Mickey's Halloween Party: Trick-or-treating for the rest of us
Published: September 20, 2012 at 8:55 AM
When did you (or your children) stop trick-or-treating?
I suspect that, for many, once someone gets to middle-school age, trick-or-treating on Halloween begins to fade into childhood memory. Kids in double-digits are more often likely to get a disapproving look along with their candy. Friends might start laughing or sneering at classmates who still choose to dress up and work the neighborhood.
But some kids love trick-or-treating, and don't want to give it up.
If you look young enough, I suppose you can keep trick-or-treating for a long time. One of my wife's college friends was small enough that she could pass for a child and get away with trick-or-treating well into graduate school. But what do you if you're a normal-sized middle- or high-school student who just wants to keep being a kid for one more night?
Fortunately, for people who live in Southern California or the Orlando area, we have an out: Mickey's Halloween Party. (Throw in a "Not-So-Scary" if you live in Orlando.) At the Disney Halloween party, everyone can trick-or-treat and no one's going to look at you funny for getting your candy fix. That makes this party a great alternative for families with kids who are at that "in between" age when they still want to dress up and collect candy, even if some of the neighbors don't approve. Heck, it's a fun option for grown-ups who'd like to get their own candy stash, too, without having to raid their kids'.
C'mon. Raise your hand if you've ever enforced the "daddy tax" or the "mommy tax."
At Mickey's Halloween Party, everyone in the family can dress up (or not), grab a bag and fill it up with candy all evening long. Or if candy's not your thing, you can enjoy ride time on several of Disneyland's or the Magic Kingdom's top attractions, a special fireworks show, and a Halloween parade. Both parks put out many Halloween-themed sweets for sale, for anyone looking for a non-candy treat.
This year, I've heard that visitors with diet restrictions, including nut allergies, can go to City Hall in the Magic Kingdom to exchange the candy they collect during the evening for more acceptable treats. (Disneyland's party hasn't started yet, so I haven't heard if the same policy will be in effect on the west coast, too. *Update: See the comments.)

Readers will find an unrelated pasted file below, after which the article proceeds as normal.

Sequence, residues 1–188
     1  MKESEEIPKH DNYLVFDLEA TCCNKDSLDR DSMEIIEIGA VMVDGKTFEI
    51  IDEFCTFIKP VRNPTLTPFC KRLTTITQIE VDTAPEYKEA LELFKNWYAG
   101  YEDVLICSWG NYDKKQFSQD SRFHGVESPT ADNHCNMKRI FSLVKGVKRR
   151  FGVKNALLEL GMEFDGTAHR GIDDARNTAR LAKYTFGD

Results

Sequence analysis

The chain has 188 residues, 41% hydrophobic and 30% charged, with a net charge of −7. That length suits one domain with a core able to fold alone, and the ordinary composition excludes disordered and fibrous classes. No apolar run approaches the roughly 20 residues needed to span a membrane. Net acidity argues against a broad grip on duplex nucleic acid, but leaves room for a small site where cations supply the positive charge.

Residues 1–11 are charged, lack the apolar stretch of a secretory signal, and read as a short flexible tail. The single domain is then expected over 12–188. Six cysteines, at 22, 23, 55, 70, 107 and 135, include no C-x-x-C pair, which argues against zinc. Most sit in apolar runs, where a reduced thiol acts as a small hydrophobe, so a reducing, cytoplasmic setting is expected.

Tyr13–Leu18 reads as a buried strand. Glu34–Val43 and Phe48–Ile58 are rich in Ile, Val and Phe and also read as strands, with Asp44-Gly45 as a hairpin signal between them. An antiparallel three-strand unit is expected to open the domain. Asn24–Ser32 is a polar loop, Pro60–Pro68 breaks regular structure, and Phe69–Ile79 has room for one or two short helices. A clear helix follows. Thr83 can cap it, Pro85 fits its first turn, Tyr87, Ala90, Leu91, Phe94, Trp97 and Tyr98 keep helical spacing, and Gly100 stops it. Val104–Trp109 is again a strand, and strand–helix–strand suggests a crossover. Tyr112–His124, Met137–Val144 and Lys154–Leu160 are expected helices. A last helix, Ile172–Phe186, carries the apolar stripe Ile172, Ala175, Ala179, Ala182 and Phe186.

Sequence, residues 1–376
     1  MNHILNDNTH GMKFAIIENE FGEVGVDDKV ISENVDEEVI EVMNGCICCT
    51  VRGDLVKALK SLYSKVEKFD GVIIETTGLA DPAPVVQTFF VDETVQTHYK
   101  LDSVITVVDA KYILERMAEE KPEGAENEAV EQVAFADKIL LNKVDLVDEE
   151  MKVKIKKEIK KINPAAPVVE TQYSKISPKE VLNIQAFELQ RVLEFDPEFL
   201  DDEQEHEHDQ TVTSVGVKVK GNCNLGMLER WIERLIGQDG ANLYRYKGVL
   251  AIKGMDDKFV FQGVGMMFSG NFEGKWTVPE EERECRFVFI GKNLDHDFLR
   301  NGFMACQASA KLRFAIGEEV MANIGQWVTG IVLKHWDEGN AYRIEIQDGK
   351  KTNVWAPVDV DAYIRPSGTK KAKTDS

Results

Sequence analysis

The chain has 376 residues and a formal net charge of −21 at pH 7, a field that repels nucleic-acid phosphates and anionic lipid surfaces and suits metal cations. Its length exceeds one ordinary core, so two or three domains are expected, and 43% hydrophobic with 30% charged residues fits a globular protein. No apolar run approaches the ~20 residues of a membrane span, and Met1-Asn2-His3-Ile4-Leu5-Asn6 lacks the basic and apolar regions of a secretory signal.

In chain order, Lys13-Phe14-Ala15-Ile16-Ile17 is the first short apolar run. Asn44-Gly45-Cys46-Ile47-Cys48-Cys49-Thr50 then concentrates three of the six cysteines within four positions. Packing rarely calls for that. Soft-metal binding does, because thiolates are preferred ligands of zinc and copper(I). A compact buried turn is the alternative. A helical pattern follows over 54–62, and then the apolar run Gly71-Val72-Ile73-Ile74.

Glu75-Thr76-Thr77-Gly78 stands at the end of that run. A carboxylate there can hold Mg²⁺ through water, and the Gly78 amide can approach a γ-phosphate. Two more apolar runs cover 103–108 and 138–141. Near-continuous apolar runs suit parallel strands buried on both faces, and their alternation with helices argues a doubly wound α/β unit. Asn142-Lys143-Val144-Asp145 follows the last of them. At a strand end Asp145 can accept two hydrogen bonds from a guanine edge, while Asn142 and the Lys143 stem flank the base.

If you go, here's my number-one tip: Go as deep into the park as you can, as far away from the castle as possible, before you start collecting candy. Disney distributes candy in several zones around the park, and the ones nearest the castle can be mobbed with nearly hour-long waits early in the evening on some nights. Start at the far edges of the park and work your way in - the opposite approach that most families will take.
And don't be afraid to hit some rides while lots of other visitors queue up for the sweets. Disney won't run out if you wait until later in the evening to fill your bags. Disney trucks in a ton of candy for each night. That's not a euphemism. They literally have one ton (or more) of candy on hand for each night of the party.
Trick-or-treating doesn't have to end with elementary school. You can keep on acting like a kid on Halloween. That's why I love living in Southern California, where every fall we can go to Mickey's Halloween Party.
Mickey's Halloween Party runs at Disneyland on select nights from Sept. 28 - Oct. 31, with tickets from $54-$69.
Mickey's Not-So-Scary Halloween Party runs at Walt Disney World's Magic Kingdom on select nights from now through Nov. 2, with tickets from $56-$70.
Published: September 20, 2012 at 9:02 AM
I went to Disneyland's version last year. You don't need to go to City Hall. You can already ask for healthy treats at the various stations. They offered apples slices, raisins, and carrot sticks. They are high quality treats. The apple slices are especially great for everyone to snack on throughout the night.